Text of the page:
I think it would work better as "...the true name you gave him..."

    The vines that have not been severely burned or touched by flame still hold tight around their quarry.
    I think you could leave it as just "had not been severely burned." Obviously, if they haven't been touched, they aren't severely burned.

    The Venusaur is weary but alive, and it's only then you notice the Venusaur was channeling the sun’s rays into energy meant to heal and restore, though in this Venusaur’s case it merely kept her conscious with enough energy to carry on.
    I'd suggest using pronouns here instead of referring to the pokémon as "the Venusaur" all the time. "The Venusuar is weary but alive, and it's only then you notice (that) she was channeling the sun's rays into energy meant to heal and restore, though in this/her case it merely kept her conscious with enough energy to carry on."

    You can see the grass-type is straining to gather each essential sun particle for the final attack that will, if it’s not stopped, bring about the end of the match – the end of your dream.
    Sun particle?

    First, though, you have to get your Charizard to move.
    Green flames dance over the surprised plant-type, setting the already burned foliage alight with dragon-fire, while merciless claws dig into the already burned, tender skin in a last desperate attempt to snatch victory out of the claws of chance.
    The use of "claws" here is somewhat redundant. Also, it seems somewhat inappropriate to say that you're snatching the victory from the claws of chance; how is the Champion winning by luck as opposed to skill?

    Only the feelings of self-consciousness keep you from jumping up and down in your trainer box – that and the fact your Charizard still hasn’t moved.

    The noise of the crowd lessens while the sound of your own heartbeat magnifies a hundredfold.
    Eh, I think it would be better as "is magnified" as opposed to "magnifies."


    You are barely aware that the stand-by medic has noticed your distress until two Machoke flit in front of your eyes, lifting a prone body of a Charizard onto a large stretcher.
    Shaking your head in attempts to clear your mind (to dispel this waking nightmare) you finally compose yourself enough to sprint after them.
    Hmm... I think it would be better as "an attempt" as opposed to "attempts."

    You are seconds behind the Machoke in entering the Pokémon Center, the scent of anti-bacterial and ammonia reaching your nose.
    Antibacterial what?


    Without a backwards glance, she heads into the emergency room, leaving you to stare at the blank, white walls.
    No comma after blank.

    Of all the emotions rising within you, anger and frustration erupt to the top.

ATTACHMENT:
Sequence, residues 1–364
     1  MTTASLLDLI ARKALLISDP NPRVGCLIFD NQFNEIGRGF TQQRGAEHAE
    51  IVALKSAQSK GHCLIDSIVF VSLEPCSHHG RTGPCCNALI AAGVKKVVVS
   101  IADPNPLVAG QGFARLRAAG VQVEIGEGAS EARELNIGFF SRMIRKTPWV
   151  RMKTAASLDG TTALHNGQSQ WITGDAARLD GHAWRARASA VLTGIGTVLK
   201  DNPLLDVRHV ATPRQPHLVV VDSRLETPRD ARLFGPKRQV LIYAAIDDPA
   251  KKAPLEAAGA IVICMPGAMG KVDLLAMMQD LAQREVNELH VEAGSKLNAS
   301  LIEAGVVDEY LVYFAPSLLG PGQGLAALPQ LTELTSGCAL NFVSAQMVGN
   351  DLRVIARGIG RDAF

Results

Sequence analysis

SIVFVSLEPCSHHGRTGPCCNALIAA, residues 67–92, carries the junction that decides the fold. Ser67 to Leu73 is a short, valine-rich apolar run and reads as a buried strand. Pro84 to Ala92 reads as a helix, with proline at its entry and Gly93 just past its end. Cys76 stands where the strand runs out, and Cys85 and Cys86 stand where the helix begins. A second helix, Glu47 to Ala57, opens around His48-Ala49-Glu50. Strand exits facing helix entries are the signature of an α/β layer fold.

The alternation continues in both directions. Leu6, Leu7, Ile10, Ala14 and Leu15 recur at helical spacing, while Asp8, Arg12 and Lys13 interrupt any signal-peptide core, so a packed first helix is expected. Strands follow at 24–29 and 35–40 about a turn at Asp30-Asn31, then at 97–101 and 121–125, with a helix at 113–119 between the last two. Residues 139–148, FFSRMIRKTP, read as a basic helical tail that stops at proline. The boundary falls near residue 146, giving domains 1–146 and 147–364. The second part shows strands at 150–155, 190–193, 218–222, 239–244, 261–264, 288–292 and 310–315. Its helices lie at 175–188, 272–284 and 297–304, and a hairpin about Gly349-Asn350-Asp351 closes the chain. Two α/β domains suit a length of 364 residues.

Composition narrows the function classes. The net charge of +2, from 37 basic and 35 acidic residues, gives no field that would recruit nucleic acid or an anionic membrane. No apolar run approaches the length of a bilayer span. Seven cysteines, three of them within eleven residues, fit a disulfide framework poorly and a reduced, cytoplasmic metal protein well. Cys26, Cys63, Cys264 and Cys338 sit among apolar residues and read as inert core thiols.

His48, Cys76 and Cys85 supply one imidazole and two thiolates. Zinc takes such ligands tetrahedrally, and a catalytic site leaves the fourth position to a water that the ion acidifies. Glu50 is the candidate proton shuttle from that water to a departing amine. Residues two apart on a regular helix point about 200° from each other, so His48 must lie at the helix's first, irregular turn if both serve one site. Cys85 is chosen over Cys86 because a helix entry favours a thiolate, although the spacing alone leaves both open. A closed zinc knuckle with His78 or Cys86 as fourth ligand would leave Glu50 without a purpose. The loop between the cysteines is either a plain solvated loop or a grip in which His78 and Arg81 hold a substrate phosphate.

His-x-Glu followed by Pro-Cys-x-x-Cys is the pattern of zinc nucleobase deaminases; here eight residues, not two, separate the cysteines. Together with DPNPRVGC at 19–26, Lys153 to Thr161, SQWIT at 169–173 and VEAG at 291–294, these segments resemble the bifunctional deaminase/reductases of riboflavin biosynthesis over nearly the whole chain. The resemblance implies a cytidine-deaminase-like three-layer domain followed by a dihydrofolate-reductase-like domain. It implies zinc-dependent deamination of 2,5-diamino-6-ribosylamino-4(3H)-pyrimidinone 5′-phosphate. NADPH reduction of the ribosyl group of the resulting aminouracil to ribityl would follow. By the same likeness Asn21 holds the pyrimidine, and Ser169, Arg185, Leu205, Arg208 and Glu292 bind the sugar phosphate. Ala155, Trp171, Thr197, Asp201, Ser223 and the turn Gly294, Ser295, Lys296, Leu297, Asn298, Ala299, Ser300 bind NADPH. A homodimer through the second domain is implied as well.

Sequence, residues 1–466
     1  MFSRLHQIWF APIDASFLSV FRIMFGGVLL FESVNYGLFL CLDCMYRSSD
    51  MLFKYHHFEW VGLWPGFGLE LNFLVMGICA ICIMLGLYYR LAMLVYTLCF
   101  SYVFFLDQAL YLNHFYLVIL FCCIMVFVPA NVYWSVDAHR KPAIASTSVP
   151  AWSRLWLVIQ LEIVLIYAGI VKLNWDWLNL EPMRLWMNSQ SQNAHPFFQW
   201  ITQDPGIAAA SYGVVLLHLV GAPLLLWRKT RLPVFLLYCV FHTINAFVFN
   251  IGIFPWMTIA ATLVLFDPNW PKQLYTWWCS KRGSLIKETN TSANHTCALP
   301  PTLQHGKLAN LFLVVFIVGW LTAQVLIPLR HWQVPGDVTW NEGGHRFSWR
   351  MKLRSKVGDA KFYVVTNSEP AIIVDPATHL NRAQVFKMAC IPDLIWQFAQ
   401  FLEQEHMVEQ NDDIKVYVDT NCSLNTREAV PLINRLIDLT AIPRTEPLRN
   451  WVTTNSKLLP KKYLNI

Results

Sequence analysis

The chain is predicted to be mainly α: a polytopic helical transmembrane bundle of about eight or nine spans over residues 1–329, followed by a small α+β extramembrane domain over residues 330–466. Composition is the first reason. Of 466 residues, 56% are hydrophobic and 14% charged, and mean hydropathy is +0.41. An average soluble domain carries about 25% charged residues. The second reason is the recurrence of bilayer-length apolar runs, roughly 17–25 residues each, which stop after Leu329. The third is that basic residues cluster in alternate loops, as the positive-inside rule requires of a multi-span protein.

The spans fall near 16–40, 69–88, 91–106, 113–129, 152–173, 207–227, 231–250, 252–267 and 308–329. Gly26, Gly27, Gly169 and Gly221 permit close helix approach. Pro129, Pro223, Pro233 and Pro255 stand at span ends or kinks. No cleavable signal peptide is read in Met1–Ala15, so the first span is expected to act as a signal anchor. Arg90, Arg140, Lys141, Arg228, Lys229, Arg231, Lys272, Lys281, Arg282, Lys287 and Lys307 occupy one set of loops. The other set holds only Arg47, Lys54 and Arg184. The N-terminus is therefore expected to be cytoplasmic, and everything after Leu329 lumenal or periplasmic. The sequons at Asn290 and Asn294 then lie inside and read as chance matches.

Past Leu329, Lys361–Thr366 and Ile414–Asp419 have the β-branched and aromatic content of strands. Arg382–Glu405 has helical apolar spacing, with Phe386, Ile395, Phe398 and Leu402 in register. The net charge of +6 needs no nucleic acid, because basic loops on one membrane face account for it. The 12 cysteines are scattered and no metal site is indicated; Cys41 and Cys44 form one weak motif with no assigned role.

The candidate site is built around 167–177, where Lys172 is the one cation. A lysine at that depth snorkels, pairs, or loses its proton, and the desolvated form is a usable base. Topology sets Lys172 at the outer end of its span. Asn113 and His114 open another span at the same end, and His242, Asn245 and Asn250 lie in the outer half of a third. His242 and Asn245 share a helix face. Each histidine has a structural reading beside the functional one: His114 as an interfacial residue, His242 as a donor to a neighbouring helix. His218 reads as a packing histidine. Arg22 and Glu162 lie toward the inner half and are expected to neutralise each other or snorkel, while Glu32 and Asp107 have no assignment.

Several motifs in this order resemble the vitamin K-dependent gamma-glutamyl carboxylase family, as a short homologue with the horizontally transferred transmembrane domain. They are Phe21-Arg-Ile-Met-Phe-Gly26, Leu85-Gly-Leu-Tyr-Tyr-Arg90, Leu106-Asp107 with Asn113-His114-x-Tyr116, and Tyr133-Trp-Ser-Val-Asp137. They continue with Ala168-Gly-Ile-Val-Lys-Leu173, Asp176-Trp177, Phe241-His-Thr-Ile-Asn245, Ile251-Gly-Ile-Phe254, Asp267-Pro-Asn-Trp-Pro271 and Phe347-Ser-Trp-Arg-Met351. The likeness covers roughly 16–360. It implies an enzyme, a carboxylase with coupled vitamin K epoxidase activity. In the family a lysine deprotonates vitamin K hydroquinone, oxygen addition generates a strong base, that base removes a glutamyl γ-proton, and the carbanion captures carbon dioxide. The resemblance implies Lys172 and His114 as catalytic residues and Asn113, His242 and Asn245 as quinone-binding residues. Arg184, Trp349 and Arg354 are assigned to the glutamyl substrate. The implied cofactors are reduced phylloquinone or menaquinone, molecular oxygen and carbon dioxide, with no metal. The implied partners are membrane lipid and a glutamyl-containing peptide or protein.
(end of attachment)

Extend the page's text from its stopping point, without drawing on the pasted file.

So how would she know that this is the best for him, to leave you out here?
    I think that's how you'd handle that; this sentence is pretty funky.

    You fight the urge to bury your head in the polyester cushion, instead, pinching yourself to see if maybe, just maybe, you’ll wake up from this horrid nightmare.
    No comma after instead. It's not an interruptor here, but a conjunction.

    How would /you/ be feeling if you didn't know whether your Pokémon was okay or not? [color]=red]y[/color]ou want to shout out in retaliation, but you don’t.
    What's with the slashes, there? If you were looking for emphasis, remember that de-italicizing words in an italicized passage is the same as italicizing words in a normal faced passage. Shout-out is a noun, and what you want here is the infinitive to shout (out).

    “Listen –“ you finally say, your voice wavering, but you are cut off as the endless tirade of questions bombards you.
    The Blissey is now walking purposely forward, waving about her arms.
    Hoo boy... right now the sentence doesn't read properly because of a misplaced modifier. If the Blissey is waving about her arms, then she's waving in order to communicate something about her arms. It's like saying that you were talking about school, or what have you. I don't know if that's very clear... it's something hard to explain. I would suggest reordering the sentence to read "waving her arms about." However, that's a dangling preposition. I think it is. Perhaps it's an accepted one, as I've seen things like "brandishing his sword about" before? I don't know. It's not right now, but I'm not sure if the way I would correct it is right either. So I'll shut up now.

    Three successful Egg Bombs later, you find yourself in a small guest room the Blissey has ushered you into.
    See, now that's a dangling preposition. " find yourself ina small guest room into which the Blissey has ushered you." It looks weird at first, but I think when you read over it again/aloud you'll find that it actually sounds much better that way.

    You are sitting down on the bottom bunk bed, looking out the window when she comes in again three minutes later.
    Hmmm... I believe that a bunk bed refers to the unit as a whole, including the two (or more) actual beds, each of which is referred to as a bunk. Therefore, I think it's bottom bunk, not bottom bunk bed (which by that definition would have the sentence meaning there was more than one bunk bed stacked up for some reason).

    "Umm... thank you."
    'Nother dot. ;

    Still, you poke at the egg salad, and sigh, looking at the window just in time to see a small flock of Pidgey fly past.
    No comma after salad.

    As a few minutes go by, you think you can hear singing, gentle and soft, coming from just outside your door, but you aren’t too sure.
    Only when you have no more tears to shed and a voice to scream do they tell you how he died.